For communities having a problem with having chocolates made from cow milk, one of India’s biggest dairy companies is hoping to win people’s hearts with its latest product- camel milk chocolate.
The firm Amul hopes that this unusual confection allows strict Hindus and Sikhs who avoid cow milk, and those allergic to dairy products, to enjoy chocolate, reported Telegraph.
Further, it also aims to help the shrinking camel-herding industry from desert states such as Gujarat and Rajasthan. In 2017 during Diwali, as a novelty, Amul launched its first product made from the milk of camel, stepping away from the usual cow or buffalo milk chocolate, which were sold near camel fairs and online, mentioned the report.
Since, a few years ago, camel milk has been promoted as an alternative dairy product for people having allergies from cow or buffalo milk. Therefore it ended up on the shelves of a few big city stores too.
According to the report, last time, the milk had come from camels in Bhuj region of Gujarat, where the herders from the Rabari tribe worked with the Gujarat Cooperative Milk Marketing Federation (GCMMF).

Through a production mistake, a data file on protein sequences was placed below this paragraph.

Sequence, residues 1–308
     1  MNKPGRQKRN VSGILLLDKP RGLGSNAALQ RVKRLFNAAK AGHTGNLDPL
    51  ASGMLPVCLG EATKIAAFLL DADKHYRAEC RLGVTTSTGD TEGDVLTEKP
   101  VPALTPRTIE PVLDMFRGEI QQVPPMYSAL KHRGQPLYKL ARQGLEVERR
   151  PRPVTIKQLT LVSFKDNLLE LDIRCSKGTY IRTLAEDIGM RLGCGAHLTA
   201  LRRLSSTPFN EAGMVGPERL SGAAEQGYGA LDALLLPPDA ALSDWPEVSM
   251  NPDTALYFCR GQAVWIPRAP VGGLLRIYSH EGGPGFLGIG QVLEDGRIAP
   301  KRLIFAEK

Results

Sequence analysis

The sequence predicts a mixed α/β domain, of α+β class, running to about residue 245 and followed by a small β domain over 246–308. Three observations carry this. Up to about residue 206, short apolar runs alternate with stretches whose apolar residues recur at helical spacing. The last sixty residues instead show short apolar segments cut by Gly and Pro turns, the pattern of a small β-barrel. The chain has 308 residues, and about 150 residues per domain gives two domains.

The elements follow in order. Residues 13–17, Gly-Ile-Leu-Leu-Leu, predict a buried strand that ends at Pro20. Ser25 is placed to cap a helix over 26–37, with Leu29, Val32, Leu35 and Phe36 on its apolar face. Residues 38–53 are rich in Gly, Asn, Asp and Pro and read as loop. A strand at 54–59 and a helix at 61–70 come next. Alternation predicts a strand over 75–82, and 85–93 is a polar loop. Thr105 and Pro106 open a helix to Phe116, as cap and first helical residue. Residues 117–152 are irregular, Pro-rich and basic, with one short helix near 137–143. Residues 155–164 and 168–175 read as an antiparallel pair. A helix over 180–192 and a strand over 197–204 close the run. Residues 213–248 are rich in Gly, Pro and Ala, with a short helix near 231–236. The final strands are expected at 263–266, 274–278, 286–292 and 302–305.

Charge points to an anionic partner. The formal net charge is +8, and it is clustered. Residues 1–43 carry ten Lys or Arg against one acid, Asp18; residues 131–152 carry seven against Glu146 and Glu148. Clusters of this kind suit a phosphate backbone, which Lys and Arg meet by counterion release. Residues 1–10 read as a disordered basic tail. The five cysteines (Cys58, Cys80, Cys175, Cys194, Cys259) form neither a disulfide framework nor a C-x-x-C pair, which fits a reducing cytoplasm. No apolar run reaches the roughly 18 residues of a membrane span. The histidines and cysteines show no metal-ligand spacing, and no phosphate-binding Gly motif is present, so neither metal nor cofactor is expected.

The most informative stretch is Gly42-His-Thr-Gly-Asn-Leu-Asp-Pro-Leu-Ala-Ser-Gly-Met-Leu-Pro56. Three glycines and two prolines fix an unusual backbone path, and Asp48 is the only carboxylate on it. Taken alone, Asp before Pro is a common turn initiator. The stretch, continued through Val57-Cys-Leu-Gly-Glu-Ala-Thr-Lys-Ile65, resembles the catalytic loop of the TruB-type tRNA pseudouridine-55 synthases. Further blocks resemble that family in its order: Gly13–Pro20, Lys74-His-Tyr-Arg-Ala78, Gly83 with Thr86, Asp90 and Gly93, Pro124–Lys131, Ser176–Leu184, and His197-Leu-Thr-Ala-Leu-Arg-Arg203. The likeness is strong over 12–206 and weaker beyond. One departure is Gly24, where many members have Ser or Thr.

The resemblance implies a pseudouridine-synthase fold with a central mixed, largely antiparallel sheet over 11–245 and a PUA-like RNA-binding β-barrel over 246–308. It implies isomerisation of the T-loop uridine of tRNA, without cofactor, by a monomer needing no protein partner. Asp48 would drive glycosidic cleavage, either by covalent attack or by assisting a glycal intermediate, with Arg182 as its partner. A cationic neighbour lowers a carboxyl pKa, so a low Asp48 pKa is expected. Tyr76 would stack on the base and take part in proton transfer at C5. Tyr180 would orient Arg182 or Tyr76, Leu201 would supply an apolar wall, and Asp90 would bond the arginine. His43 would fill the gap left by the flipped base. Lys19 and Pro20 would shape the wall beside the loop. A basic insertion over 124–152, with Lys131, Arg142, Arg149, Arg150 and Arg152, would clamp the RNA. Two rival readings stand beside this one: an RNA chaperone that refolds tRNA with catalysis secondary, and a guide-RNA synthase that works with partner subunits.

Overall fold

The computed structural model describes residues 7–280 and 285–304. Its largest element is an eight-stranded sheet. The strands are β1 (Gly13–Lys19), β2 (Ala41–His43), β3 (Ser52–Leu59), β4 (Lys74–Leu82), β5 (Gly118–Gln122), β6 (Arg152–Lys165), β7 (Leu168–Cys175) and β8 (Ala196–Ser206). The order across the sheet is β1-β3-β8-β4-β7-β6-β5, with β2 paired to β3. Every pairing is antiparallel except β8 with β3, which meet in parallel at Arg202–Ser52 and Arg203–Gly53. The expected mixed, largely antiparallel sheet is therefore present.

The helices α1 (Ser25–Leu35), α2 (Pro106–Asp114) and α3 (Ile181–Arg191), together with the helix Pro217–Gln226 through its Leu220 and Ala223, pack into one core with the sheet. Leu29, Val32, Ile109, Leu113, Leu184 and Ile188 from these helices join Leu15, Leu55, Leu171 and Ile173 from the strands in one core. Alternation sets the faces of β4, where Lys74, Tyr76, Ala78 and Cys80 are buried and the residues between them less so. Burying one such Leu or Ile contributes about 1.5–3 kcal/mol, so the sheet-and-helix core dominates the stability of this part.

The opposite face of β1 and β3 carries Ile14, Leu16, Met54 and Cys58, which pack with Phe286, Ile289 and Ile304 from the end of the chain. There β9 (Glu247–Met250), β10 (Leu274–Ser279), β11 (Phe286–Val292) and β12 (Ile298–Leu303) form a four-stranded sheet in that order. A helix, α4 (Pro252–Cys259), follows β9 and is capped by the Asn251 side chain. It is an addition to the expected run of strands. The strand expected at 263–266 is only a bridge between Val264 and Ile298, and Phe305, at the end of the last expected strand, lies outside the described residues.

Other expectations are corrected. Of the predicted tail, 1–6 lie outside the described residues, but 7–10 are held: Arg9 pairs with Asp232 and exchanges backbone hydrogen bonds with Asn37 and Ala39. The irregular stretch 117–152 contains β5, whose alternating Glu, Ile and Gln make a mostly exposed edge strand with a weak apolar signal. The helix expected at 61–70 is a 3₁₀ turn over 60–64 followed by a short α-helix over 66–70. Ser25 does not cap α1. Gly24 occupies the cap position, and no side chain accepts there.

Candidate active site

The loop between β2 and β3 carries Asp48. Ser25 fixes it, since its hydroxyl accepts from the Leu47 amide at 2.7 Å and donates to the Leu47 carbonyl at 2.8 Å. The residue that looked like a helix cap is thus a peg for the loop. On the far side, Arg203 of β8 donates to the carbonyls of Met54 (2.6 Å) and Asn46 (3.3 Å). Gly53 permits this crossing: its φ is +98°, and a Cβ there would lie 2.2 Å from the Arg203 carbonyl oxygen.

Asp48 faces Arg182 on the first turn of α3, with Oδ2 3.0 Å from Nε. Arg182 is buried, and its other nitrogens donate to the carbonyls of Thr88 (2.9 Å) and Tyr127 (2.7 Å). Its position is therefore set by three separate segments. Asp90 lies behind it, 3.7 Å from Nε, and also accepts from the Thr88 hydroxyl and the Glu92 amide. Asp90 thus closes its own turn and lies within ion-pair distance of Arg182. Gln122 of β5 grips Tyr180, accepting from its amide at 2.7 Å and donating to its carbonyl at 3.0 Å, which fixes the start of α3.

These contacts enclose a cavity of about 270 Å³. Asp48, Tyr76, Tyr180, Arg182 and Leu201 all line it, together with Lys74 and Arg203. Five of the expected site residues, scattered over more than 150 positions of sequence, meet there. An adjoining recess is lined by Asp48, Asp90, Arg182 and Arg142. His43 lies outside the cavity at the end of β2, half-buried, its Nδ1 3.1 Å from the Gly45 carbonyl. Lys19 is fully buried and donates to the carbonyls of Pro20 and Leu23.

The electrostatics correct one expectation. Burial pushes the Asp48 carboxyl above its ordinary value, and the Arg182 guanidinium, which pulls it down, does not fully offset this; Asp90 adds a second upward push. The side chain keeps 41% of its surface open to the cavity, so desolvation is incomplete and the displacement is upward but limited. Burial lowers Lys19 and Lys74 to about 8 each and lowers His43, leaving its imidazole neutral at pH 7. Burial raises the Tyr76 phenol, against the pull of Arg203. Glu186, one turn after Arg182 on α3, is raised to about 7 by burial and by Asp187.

Amul’s new initiative is meant to help this herd create an alternative income as they have been herding camels for centuries. Even though the tribe subsists on camel milk, but considers selling it a taboo.
While talking to Hindustan Times, the GCMMF chef, RS Sodhi said, the project was a success and has lots of potentials. “Camel milk is saltier. We turned the milk into milk powder and adapted the chocolate recipe to fit commercial tastes. The flavor is more minerally, but people have loved the idea.”
With NGO Sahjeevan organizing milk deposits, more than 10,000 camels in Gujarat are already part of the scheme. Further, Rameah Bhatti of Sahjeevan’s center for pastoralism said, “There is a sense of optimism and hope. The herders’ children, who would have taken up jobs as truck drivers, goat herders or farmers, are taking up camel rearing for now.”
Manufacturers hope that salty-sweet camel milk chocolates may be an instant hit in India as the country has one of the fastest growing chocolate markets on earth – it consumed 228,000 tonnes in 2016, as mentioned in the report.